mutat faciem mansuetam in tyrannam, uno verbo est medicina
cogens hominum (error for hominem) ad insaniam. Haec verba
hortantur ut homines cum temperantia bibant vinum.’
Noble daughter Ça xiao kie suffered shame for the sake of later
vindication (?) – From wine one knows what a man wants in his
heart, what he loves, what moves his passions; it can dissolve
sadness, put an end to unhappiness, but it is harmful to life, makes
a sensible man into a fool, turns a gentle countenance into a
tyrannical one, in a word it is a drug driving a man into insanity.
These words urge that men should drink wine in moderation
Text quoted in 1811 by French Orientalist Abel Rémusat from a translation by
`Abel Yên’ from Beijing of a Chinese short story. The translator and Arcade
Huang are mentioned by Rémusat as rare examples of Chinese who showed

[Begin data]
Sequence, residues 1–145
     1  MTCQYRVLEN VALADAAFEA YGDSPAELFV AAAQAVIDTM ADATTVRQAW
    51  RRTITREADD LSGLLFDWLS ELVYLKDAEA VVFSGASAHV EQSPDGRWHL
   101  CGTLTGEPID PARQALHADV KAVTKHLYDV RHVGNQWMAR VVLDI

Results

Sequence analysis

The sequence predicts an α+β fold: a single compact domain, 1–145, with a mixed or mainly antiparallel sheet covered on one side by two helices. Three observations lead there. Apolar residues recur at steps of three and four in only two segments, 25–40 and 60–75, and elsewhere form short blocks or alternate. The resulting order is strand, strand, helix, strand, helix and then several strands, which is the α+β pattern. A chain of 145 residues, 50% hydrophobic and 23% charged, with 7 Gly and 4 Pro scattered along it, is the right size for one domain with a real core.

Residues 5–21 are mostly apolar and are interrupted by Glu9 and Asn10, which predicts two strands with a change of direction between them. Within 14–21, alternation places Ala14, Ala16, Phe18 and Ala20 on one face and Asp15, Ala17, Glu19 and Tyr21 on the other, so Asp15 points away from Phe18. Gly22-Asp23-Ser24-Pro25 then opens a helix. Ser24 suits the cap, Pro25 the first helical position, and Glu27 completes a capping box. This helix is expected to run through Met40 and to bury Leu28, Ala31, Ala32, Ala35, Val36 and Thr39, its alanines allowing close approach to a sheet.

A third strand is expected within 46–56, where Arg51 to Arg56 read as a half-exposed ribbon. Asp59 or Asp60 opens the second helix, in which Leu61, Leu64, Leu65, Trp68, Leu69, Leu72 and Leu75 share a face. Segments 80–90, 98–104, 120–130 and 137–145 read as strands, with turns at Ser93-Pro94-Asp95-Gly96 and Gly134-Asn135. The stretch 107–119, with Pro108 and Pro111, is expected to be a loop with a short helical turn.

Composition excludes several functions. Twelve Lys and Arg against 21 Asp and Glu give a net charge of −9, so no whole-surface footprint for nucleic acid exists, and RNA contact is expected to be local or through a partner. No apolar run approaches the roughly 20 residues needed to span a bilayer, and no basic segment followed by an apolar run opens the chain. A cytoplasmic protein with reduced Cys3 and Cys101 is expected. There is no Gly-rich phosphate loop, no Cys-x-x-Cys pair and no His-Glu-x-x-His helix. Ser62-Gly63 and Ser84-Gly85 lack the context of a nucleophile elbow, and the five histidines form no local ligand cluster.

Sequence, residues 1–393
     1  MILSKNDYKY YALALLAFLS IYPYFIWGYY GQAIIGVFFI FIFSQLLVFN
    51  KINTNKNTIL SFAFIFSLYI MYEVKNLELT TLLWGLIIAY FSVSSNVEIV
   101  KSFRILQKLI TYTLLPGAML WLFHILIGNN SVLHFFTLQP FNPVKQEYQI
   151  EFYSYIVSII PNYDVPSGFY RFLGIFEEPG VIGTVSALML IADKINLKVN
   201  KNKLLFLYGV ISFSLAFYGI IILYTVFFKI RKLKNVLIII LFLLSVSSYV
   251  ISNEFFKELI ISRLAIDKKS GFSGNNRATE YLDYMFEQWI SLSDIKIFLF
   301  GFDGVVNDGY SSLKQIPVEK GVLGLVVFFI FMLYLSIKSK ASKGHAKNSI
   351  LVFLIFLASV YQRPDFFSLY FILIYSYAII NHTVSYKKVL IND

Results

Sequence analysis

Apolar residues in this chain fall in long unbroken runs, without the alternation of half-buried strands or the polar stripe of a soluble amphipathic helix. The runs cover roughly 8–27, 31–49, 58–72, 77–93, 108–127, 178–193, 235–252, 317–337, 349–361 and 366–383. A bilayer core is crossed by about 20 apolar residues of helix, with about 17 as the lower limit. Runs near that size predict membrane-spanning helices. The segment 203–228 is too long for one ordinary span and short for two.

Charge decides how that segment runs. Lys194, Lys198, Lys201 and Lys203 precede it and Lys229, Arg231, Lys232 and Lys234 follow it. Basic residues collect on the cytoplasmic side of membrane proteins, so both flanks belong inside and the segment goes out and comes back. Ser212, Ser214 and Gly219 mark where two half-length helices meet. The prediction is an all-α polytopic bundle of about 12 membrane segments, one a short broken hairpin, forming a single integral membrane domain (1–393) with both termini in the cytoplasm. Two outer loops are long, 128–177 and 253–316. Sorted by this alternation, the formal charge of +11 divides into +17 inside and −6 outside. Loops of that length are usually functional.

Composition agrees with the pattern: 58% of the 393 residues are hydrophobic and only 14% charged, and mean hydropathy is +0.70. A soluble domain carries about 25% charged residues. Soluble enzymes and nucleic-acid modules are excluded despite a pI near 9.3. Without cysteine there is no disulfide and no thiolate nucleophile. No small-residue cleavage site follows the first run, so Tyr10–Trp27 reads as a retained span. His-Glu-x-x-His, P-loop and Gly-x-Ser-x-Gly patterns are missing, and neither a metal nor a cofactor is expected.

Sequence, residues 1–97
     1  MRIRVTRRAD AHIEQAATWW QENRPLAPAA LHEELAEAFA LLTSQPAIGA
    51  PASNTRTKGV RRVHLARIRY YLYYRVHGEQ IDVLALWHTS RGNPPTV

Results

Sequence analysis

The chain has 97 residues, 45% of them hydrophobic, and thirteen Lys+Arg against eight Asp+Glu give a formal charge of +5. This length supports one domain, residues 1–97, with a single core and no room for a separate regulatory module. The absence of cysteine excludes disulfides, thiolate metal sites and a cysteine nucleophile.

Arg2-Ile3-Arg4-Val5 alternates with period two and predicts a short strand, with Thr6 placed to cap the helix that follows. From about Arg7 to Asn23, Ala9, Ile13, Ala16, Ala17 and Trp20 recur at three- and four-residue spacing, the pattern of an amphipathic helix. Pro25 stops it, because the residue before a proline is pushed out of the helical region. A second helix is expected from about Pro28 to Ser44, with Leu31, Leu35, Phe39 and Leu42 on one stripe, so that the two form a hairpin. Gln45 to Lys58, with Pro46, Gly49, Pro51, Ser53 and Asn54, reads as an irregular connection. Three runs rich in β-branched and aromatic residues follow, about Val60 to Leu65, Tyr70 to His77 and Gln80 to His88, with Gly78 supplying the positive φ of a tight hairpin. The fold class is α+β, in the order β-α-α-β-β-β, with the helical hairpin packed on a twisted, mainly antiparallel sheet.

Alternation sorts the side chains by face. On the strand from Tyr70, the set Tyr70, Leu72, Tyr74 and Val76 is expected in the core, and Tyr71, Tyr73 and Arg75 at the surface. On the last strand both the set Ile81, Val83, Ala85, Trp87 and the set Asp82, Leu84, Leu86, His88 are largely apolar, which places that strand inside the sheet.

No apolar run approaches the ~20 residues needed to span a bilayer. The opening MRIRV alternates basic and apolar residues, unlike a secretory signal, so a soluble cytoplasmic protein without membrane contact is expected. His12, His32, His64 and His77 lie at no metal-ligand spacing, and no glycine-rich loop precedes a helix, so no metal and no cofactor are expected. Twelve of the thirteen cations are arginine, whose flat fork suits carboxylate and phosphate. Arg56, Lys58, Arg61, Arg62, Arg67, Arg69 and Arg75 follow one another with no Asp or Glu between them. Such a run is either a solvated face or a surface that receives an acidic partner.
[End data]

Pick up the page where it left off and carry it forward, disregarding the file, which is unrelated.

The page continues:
any interest in foreign language and the lines themselves were the only
example of Latin written by a Chinese at this time that could be discovered for
use in this PowerPoint
German Orientalist Julius Mohl, and the title page of his
1834-39 edition of the I-Ching (易經), based on earlier work
by Jesuit scholars.
Literary scholar, Christian apologist and children’s author C.S. Lewis, who
conducted a correspondence in Latin over several years with an Italian priest,
wrote in 1953 `dē clāde illā Sēricā’ (aka`解放’!)
David Morgan (1959 - 2013), enthusiastic proponent of `living Latin’,
conducting a class. As well as his on-line modern Latin dictionary he
wrote an article in Latin on Adam Schall’s Historica Narratio de Initio et
Progessu Missionis Societatis Iesu apud Chinenses (Vienna, 1665)
(Chia Tao)
Anachoretam quemdam quaerit poeta,
neque tamen invenit
Pinus subter, ab assecla
Deserti dominum jure requirimus.
Is vero «procul hinc pater:
Herbas jam medicas ipse per ardua
Terrarum, atque virentia
Collecturus abit, nubibus abditus
Spissis,» inquit, «et aëre.
Quo secedat... io! me penitus latet.»
One of the translations – or expansions – of classical Chinese poetry
recently produced by Italian Classicist and Sinologist Massimo
(see )